In a homeland security project, the California Department of Transportation is using multiple wireless systems to transmit surveillance data from seven bridges and three tunnels in the San Francisco Bay area to a command center in Oakland. The department, known as Caltrans, has completed the first phase of the $20 million Bay Area Surveillance Enhancement project. BASE includes installation of up to 15 point-to-point wireless links spanning distances of as much as 16 miles each and transmitting data at 90M bit/sec., according to IT industry executives involved in the project. The wireless technology is being tied to 250 video cameras that will use video-over-IP technology to transmit images to the command center.
Caltrans activated the BASE system at two bridges and a tunnel in the South Bay area last month and plans to turn on the rest of the technology in February. Some details of the project are due to be announced this week by Sunnyvale, Calif.-based Proxim Corp., which is supplying all of the wireless equipment. Greg Bayol, a spokesman for Caltrans, said the BASE system was designed to help the agency and the California Highway Patrol monitor bridges and tunnels for potential security problems. The cameras are being deployed to "watch for anyone who should not be there," Bayol said. He added that Caltrans chose wireless links instead of fiber-optic cable because of cost issues and the vast distances that the network needs to span in order to reach all the bridges and tunnels [...]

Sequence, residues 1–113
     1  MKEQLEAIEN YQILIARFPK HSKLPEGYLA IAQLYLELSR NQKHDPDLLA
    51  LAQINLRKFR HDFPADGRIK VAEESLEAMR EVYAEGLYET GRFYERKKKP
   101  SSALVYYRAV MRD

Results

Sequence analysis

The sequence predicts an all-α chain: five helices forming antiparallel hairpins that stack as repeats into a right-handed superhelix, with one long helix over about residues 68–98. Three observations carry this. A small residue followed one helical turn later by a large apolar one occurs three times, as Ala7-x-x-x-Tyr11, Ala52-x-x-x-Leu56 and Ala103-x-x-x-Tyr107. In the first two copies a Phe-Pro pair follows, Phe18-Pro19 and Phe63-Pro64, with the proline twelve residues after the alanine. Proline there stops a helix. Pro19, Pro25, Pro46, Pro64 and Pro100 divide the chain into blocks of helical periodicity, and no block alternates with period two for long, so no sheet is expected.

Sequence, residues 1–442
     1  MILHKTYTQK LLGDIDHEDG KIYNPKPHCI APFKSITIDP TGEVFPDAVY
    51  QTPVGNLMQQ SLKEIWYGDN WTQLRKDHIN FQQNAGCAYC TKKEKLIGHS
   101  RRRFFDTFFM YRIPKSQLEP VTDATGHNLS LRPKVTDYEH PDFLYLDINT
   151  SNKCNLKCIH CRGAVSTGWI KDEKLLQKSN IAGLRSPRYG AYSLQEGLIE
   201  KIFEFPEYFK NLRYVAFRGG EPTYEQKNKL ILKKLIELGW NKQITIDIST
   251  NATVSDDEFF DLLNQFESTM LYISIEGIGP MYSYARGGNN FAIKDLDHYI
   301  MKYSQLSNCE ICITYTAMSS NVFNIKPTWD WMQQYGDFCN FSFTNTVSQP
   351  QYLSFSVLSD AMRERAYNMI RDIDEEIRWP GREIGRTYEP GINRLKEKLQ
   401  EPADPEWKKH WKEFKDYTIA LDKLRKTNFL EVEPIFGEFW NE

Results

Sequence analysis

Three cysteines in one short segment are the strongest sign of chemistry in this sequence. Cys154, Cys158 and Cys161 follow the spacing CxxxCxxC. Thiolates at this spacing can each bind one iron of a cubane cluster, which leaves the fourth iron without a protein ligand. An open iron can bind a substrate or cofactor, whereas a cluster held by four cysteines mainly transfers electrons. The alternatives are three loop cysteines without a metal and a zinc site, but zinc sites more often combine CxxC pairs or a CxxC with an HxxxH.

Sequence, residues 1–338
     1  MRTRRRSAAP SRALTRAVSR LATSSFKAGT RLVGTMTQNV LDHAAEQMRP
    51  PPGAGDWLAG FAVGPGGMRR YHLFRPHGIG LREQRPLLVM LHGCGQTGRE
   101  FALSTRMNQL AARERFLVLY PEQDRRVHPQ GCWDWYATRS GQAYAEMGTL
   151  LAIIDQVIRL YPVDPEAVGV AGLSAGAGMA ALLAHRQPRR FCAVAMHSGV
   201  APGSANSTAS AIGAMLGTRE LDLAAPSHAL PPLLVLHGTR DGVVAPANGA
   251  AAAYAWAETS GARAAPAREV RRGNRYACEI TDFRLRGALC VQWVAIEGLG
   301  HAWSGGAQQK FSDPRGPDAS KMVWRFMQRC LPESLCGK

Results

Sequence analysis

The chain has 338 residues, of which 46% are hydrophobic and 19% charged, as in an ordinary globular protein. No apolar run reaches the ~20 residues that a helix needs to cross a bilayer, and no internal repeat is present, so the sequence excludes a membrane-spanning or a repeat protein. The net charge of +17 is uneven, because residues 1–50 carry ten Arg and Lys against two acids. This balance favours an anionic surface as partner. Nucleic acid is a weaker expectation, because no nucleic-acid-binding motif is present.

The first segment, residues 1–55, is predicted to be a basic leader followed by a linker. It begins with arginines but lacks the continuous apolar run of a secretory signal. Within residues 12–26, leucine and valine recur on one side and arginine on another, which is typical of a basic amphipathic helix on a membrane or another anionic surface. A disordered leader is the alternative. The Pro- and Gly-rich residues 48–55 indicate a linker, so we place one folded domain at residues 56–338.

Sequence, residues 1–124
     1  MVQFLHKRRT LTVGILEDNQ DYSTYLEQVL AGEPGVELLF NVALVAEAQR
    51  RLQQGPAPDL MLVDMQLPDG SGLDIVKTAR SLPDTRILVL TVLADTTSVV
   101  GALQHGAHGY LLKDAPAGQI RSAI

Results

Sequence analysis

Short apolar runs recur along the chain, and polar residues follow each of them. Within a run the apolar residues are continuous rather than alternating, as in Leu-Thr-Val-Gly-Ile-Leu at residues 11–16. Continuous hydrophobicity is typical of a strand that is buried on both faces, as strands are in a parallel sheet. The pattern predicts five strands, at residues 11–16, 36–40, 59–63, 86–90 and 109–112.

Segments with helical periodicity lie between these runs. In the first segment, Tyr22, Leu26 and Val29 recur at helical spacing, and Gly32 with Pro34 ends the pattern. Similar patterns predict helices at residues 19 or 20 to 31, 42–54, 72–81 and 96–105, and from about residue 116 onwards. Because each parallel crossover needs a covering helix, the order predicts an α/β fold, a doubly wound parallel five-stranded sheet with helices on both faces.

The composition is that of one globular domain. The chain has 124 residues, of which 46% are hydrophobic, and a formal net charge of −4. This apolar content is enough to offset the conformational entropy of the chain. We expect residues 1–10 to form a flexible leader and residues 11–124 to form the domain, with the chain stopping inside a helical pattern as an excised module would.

Multiple levels of wireless security protections are being installed in an attempt to ensure that the BASE technology can't be penetrated by unauthorized users, he noted. The protections include the use of Triple Data Encryption Standard algorithms on the signals sent by the video cameras, as well as virtual LANs and the IPsec protocol to provide additional encryption and user authentication capabilities.
In addition, Williams said the Proxim-based wireless subscriber units that are being attached to the video cameras have built-in Global Positioning System receivers. The receivers broadcast the geographic coordinates of each wireless unit to Proxim-built base stations at the bridges. If a subscriber unit is moved, the base station won't accept signals from the new coordinates, he said.
Video camera images are transmitted via wireless links to the point-to-multipoint base stations, which in most cases are connected by Ethernet to point-to-point wireless transmitters that are also made by Proxim [...]
(Written by Bob Brewin and published in the 16 December 2002 issue of Computer World.)
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